This Is One of the Best Moves To Efficiently Strengthen Your Core in a Way That *Actually* Helps You in Real Life

The term “functional core training” gets thrown around a lot, and can mean many different things. Some programs literally mimic everyday activities. Then there are regimens that focus only on “anti-rotation.” And of course there’s CrossFit-style lifting.

With so many variations out there, it can be challenging to understand what functional core training truly is. But the key is to redirect your focus away from a specific set of exercises and towards the underlying principles.

“At the heart of functional training is an exercise program that carries over effectively to daily activities,” says Phoenix-based physical therapist Tony Kottoor, DPT. “This notion that if an exercise doesn’t precisely mimic a real activity then it isn’t functional comes from a limited understanding of training. It’s much more about how an exercise mimics muscle activation.”

In other words, training that makes you more prepared for everyday activities isn’t as simple as just doing more of those activities. You want to be able to go for hikes or play basketball or clean up the backyard during winter? You’ll want to focus on activating the muscles you’ll need to do those activities safely.

“The core—which includes the abdominals, back, and hips—is a platform for effective movement,” says Alan Hsieh, a fitness and performance coach at Quantum Performance in Calabasas, California. “The core always gets a lot of attention and there’s some new training fad always coming out—you may have heard a lot about ‘anti-resistance’ training in recent years—but core training doesn’t need to be that isolated or siloed.”

Ab exercises like crunches, scissors, and Pallof presses certainly have a place. But they each miss an integral part of functional core training: movement. Once you integrate movement into an exercise, you’re now adding layers like coordination, proprioception, and balance that mimic real life.

One of the most effective ways to bring that kind of functional movement into your core routine is by doing carries—aka lifting something heavy and walking with it.

“Carries are incredibly simple, yet effective exercises because they add a dynamic load during movement that mimics real-life activities,” says Hsieh. “Whether it’s a mom who wants to get stronger, someone rehabbing from an injury, or an elite athlete training for performance, carries can unlock core strength and functional gains like few other things.”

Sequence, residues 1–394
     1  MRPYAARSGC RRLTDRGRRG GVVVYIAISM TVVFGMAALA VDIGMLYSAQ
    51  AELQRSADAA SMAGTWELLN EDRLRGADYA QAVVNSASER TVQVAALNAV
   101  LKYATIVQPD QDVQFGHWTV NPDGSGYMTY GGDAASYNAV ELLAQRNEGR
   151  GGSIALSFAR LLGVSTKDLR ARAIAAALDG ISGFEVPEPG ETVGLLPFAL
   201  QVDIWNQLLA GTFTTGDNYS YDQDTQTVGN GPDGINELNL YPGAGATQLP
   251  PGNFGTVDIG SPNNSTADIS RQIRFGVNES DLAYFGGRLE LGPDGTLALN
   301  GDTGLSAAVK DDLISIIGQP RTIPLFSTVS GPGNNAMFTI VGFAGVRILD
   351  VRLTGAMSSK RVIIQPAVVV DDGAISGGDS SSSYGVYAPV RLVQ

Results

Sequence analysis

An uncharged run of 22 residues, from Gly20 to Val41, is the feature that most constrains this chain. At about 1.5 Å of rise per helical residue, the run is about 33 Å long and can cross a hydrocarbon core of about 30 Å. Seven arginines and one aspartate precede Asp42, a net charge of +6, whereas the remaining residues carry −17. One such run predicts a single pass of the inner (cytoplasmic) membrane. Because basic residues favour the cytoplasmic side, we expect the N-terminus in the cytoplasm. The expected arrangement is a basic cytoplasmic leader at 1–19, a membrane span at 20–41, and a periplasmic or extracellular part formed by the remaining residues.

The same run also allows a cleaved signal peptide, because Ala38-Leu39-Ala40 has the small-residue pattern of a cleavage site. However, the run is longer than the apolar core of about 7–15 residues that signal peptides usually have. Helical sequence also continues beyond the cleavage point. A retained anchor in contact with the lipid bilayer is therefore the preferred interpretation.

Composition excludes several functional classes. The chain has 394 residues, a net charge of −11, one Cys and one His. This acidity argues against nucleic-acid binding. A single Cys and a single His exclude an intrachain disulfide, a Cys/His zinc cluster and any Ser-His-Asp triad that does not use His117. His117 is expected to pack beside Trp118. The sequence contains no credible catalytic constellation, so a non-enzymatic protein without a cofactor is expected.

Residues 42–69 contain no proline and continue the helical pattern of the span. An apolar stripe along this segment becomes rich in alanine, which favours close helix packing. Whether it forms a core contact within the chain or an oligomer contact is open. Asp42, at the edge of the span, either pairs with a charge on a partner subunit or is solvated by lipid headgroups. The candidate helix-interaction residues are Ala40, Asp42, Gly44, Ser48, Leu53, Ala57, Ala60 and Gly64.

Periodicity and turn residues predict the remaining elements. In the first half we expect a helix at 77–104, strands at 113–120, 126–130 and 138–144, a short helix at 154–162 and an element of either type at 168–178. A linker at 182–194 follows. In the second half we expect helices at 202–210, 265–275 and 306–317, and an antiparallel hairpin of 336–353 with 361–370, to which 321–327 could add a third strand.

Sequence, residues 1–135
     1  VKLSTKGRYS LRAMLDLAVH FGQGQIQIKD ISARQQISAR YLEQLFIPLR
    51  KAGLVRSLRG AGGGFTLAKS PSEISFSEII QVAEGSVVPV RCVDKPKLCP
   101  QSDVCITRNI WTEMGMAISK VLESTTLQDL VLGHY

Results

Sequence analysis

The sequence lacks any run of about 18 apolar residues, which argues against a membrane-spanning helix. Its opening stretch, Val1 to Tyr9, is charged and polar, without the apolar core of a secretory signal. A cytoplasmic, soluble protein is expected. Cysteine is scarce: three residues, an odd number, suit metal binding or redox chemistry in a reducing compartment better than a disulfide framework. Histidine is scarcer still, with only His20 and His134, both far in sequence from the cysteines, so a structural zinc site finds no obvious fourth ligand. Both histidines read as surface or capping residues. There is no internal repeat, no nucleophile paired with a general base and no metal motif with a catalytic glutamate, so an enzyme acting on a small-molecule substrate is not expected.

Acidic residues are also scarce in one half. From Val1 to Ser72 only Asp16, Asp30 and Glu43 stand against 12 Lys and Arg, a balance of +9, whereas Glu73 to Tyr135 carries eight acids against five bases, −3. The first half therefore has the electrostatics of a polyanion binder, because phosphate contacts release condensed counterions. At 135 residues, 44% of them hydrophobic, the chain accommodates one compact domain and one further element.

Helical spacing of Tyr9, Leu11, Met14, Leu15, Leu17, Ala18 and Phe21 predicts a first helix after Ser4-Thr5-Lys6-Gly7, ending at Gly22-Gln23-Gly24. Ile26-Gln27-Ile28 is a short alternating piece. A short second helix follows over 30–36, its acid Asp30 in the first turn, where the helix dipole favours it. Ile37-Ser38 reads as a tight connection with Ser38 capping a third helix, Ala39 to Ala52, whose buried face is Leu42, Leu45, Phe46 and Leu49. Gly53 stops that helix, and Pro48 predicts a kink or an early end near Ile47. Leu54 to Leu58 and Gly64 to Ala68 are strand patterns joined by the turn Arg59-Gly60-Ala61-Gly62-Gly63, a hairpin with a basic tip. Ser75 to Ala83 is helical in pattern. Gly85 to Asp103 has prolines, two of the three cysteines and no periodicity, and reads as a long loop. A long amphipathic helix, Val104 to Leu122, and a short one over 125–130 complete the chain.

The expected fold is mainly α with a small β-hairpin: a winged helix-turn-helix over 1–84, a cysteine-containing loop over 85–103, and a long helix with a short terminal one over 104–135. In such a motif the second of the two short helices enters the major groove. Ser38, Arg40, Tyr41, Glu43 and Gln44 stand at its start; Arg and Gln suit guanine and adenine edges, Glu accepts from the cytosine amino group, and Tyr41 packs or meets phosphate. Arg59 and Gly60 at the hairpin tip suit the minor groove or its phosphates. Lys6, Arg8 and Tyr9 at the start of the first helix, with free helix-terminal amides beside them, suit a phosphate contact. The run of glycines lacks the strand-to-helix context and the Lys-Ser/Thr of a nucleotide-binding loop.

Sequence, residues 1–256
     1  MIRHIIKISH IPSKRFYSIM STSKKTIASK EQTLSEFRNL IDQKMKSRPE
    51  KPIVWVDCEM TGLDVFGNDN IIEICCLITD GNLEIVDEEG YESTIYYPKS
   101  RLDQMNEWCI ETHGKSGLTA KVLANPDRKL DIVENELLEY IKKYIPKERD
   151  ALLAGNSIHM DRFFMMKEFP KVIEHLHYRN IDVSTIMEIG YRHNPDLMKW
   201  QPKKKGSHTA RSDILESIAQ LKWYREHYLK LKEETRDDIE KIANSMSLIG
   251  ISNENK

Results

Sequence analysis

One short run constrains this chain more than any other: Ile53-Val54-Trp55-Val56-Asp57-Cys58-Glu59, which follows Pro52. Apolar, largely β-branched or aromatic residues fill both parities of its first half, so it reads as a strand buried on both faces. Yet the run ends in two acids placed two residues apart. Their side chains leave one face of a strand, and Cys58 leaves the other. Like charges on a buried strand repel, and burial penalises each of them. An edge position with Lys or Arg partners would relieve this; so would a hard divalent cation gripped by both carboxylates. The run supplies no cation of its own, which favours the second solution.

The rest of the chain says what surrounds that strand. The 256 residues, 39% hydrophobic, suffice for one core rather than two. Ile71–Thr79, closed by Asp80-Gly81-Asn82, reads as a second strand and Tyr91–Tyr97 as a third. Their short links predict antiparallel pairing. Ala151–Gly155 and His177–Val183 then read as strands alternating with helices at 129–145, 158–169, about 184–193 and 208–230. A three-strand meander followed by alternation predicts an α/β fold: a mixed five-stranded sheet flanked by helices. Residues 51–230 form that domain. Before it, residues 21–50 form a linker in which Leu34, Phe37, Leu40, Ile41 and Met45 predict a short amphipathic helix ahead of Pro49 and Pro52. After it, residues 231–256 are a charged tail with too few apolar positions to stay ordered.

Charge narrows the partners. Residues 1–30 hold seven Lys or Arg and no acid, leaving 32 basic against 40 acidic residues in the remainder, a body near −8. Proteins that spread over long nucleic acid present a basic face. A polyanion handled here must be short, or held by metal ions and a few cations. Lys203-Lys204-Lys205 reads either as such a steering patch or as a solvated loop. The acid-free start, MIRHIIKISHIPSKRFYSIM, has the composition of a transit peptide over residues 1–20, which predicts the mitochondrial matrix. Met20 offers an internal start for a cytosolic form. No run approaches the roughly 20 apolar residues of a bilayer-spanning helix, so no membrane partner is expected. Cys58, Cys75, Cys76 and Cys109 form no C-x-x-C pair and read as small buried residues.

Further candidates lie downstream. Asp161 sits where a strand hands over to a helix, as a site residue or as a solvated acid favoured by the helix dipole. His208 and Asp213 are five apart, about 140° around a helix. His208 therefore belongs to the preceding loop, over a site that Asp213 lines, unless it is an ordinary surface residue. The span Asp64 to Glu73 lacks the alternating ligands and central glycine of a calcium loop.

Research on carries backs him up: The science shows they engage a multitude of core muscles. One study demonstrated how specific carrying positions for certain exercises—namely, split squats and walking lunges—can result in significant benefits.

How to safely incorporate carries into your training

If you’re itching to add carries to your training plan, it’s best to start small to avoid injury. In this four-part progression, begin with the first exercise and add it to your training plan twice per week. Once you can complete it to its final progression with relative ease, then—and only then—move onto the next exercise for the following week.

Note: Start with dumbbells that are about 10 percent of your body’s weight and progress to 45 percent as you get stronger and more comfortable with each exercise.

Exercise 1: Farmer’s carry

Find a path where you can walk straight and unimpeded for 30 seconds.
Grab two dumbbells of equal weight and place one on each side of you.
Set a timer for 30 seconds, grab each dumbbell off of the floor and walk straight ahead.
Complete five reps total

Exercise 2: Suitcase carry

Follow the same instructions as the farmer’s carry, but instead of two dumbbells, only hold onto one in one hand as you walk for 30 seconds: The key here is to fight against tilting over towards the weighted side by keeping the hips and shoulders level.
Repeat five times on each side.

Exercise 3: Walking lunge single-hand carry, ipsilateral

Grab a dumbbell and hold it by your side.
Complete 10 walking lunges leading with the leg on the same side that you’re holding the dumbbell (ipsilateral means occurring on the same side). In the video below, it’s akin to the second step taken (weight in the left hand, left leg forward).
Once completed, put the weight in the other hand and repeat on that side.

Exercise 4: Walking lunge single-hand carry, contralateral

Grab a dumbbell and hold it by your side. Complete 10 walking lunges leading with the leg on the opposite side that you’re holding the dumbbell (contralateral means occurring on the opposite side). In the video above, it’s akin to the first step taken (weight in the left hand, right leg forward).
Once completed, put the weight in the other hand and repeat on that side.

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